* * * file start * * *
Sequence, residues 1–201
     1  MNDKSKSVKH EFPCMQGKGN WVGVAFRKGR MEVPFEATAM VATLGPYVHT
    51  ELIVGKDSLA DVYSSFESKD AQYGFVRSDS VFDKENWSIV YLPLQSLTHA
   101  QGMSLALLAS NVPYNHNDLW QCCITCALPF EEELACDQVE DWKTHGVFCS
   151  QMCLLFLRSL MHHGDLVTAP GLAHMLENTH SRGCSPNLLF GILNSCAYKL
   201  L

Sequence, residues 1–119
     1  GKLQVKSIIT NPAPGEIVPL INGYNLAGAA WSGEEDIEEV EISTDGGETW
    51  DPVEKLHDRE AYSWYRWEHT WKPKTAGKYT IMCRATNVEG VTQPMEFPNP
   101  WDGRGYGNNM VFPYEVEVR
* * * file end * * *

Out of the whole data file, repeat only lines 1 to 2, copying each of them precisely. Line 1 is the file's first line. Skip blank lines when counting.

Sequence, residues 1–201
     1  MNDKSKSVKH EFPCMQGKGN WVGVAFRKGR MEVPFEATAM VATLGPYVHT